Takeaways | Pitt baseball starts season slow, pitching needs to tighten up


Hannah Wilson | Assistant Visual Editor

Pitt baseball players huddle during a game against Clemson at the Petersen Sports Complex on March 25, 2022.

By David Scott, Staff Writer

Over the weekend, Pitt fell to the Maine Black Bears, taking one out of three games in its opening series. For a team that’s desperate for an NCAA Tournament bid, it’s necessary to start racking up the wins early. If their opening series was an indication of things to come, the wait for a tournament appearance may continue. 

The Panthers stole a win in the season opener, surviving a three-run ninth inning from the Black Bears to win the game 11-10. They weren’t as fortunate in the next two, losing 11-7 and 8-5. 

There’s a lot to digest from these first three games. Here are my takeaways.

The Panthers’ pitching staff is extremely unreliable

Pitching was a problem for the Panthers last season, putting up the ACC’s third-worst ERA at 6.24. The first three games of this season are a worrying sign, as Pitt’s pitching staff allowed eight or more runs in each of the games.

In game one, junior Kyle Mosley started the game pitching four innings and allowing three earned runs. He was then replaced by junior Dylan Simmons, who gave up four earned runs in just two-thirds of an inning. Sophomore Jonathan Bautista came in to rescue Simmons in the fifth inning and went on to pitch three scoreless innings. In the ninth inning, graduate student Nash Bryan allowed three earned runs and only recorded one out. Junior Brady Devereux came in to save the game, not allowing a run in two-thirds of an inning.

Game two was more of the same. Sophomore Ethan Firoved gave the team a solid start, only allowing two earned runs in 3 1/3 innings. Then, in only one inning of work, junior Jack Sokol allowed six earned runs, giving Pitt a deficit it couldn’t overcome. After, junior Holden Phelps, sophomore Kyle Demi and sophomore Quin Konuszewski combined for 4 2/3 innings, only allowing two earned runs.

The Panthers finally held Maine under 10 runs in game three — only allowing eight. Graduate student Erubiel Candelario started the game and allowed four earned runs in 4 1/3 innings of work. Next came junior Zach Oswald, who didn’t allow a run but only pitched one-third of an inning. Junior Matthew Fernandez came in to pitch 2 1/3 innings, allowing two earned runs. Devereux once again closed out the game, this time allowing two earned runs in two innings of work.

Pitt is only three games into the season, but seeing the pitching staff put up a 9.33 staff ERA and a 2.19 staff WHIP to start the season is very concerning. So far, the long ball has killed them, with the Panthers giving up six home runs in the series. They also need to bring down the walk total, as they are currently allowing over seven walks a game. If Pitt is going to have a successful season, it is going to have to address the pitching issue quickly.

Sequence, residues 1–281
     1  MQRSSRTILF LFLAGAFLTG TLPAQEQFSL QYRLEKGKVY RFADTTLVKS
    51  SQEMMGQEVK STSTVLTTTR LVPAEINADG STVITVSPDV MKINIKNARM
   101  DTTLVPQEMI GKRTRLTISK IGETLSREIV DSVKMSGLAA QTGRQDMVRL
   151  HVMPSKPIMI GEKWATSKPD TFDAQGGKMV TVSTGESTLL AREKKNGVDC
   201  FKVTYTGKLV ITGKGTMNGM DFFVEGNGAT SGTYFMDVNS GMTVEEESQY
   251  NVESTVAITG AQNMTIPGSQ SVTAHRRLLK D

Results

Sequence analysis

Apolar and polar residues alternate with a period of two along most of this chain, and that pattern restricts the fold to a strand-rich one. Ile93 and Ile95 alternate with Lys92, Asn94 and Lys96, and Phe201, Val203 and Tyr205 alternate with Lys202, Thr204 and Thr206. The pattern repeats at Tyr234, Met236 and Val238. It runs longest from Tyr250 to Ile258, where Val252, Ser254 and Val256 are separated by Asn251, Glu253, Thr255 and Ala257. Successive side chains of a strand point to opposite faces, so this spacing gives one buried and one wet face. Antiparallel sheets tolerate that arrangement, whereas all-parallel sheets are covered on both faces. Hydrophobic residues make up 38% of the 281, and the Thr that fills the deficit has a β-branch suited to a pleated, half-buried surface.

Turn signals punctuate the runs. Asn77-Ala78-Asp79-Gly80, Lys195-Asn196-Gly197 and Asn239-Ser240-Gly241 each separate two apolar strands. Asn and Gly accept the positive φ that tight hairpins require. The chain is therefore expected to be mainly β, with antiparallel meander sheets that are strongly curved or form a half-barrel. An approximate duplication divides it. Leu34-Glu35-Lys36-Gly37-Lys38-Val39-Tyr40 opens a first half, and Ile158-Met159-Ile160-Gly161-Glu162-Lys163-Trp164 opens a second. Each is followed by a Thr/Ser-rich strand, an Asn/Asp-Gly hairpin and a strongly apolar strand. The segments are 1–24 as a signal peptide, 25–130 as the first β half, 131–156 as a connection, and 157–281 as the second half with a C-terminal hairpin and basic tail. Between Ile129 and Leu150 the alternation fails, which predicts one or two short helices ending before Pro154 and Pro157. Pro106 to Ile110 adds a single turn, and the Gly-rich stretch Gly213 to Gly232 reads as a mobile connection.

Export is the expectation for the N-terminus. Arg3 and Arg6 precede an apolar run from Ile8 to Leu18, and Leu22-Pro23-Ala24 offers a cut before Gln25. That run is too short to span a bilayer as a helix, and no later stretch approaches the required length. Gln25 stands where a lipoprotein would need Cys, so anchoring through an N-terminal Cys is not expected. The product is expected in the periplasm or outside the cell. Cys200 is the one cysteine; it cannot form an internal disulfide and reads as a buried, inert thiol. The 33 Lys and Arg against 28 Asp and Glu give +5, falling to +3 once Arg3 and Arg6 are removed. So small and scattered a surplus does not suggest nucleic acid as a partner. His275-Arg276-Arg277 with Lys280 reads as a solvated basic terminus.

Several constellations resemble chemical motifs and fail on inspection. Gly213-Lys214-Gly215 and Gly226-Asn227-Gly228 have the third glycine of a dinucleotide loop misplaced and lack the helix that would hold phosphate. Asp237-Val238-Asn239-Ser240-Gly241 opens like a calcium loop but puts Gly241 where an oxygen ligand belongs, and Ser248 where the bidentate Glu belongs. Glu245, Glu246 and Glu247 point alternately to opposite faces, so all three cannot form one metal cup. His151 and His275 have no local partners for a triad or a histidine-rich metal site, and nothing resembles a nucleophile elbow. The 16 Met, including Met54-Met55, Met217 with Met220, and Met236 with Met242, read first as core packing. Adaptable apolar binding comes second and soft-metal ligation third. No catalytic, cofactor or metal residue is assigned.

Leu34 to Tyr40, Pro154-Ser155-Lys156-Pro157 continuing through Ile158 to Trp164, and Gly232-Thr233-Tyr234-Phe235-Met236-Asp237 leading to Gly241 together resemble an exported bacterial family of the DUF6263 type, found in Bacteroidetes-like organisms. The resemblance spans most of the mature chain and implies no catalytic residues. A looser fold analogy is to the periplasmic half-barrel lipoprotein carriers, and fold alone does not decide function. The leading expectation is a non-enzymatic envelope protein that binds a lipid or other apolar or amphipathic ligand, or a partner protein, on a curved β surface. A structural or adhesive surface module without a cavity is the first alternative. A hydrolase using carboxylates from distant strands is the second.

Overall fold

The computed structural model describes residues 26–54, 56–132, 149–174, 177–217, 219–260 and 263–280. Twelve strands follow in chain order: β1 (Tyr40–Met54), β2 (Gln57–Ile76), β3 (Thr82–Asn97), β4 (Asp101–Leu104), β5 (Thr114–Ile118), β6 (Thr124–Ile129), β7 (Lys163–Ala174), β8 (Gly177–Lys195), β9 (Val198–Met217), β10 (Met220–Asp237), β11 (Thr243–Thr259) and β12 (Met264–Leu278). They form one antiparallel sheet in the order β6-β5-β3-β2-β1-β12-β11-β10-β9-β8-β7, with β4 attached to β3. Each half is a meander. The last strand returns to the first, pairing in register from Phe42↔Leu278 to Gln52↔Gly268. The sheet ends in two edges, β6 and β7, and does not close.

The Panthers batting lineup can do damage

The way things currently stand with Pitt baseball, the team’s lineup is going to have to outhit their opponents rather than rely on the pitching staff. They showed that they could in game one of the season, when they won 11-10. But having to score 11 runs per game isn’t a great recipe for success — but right now it’s a necessity for the Panthers. They couldn’t outscore Maine in the second two games, but they are showing that there is some star power among Pitt’s hitters. 

Senior catcher Jack Anderson is off to a great start, batting .500 over the first three games and coupling that with a .625 on base percentage and a .667 slugging percentage. Two of his six hits are doubles, and he scored three runs during Pitt’s three game stretch.

Graduate infielder Sky Duff started hot during the weekend series, batting .417 with a .563 on base percentage and a .500 slugging percentage. His five hits resulted in a double, two RBIs and three runs scored over the series. He also stole a base.

Sophomore infielder Tommy Tavarez joined Duff with a .417 average to start the year. He also matched Duff’s .563 on base percentage, but posted an improved .583 slugging percentage thanks to two doubles, three RBIs and three runs scored. He also stole a base and walked four times.

Pitt could have two candidates for ACC Freshman of the Year

First-year infielder Anthony LaSala impressed during the opening weekend. Despite going zero for three in the final game against Maine, his batting average sits at .417 — the second-best on the team.

LaSala started all three of the Panthers’ games and got 12 at-bats. Over those opportunities, he got five hits, a double, scored two runs and batted in two RBIs. Thanks to this weekend’s performance, his slash line sits at .417 batting average/.417 on-base percentage/.500 slugging percentage, an impressive set of stats. If he keeps up his current pace over the full season, LaSala will contend for ACC Freshman of the Year.

First-year utility man A.J. Nessler put together the most impressive weekend out of all of Pitt’s hitters. He started all three games and posted a .333 batting average over that stretch. Over his nine at-bats, Nessler knocked in six RBIs, by far the most on the team, and hit to a .429 on base percentage with a .778 slugging percentage. He also walked three times, scored two runs and hit one of the Panthers’ three home runs. His 1.207 OPS is second-best on the team and, if maintained, will compete with the best in the country by the end of the season.

Pitt baseball will look to bounce back in a four-game series against Harvard starting on Friday.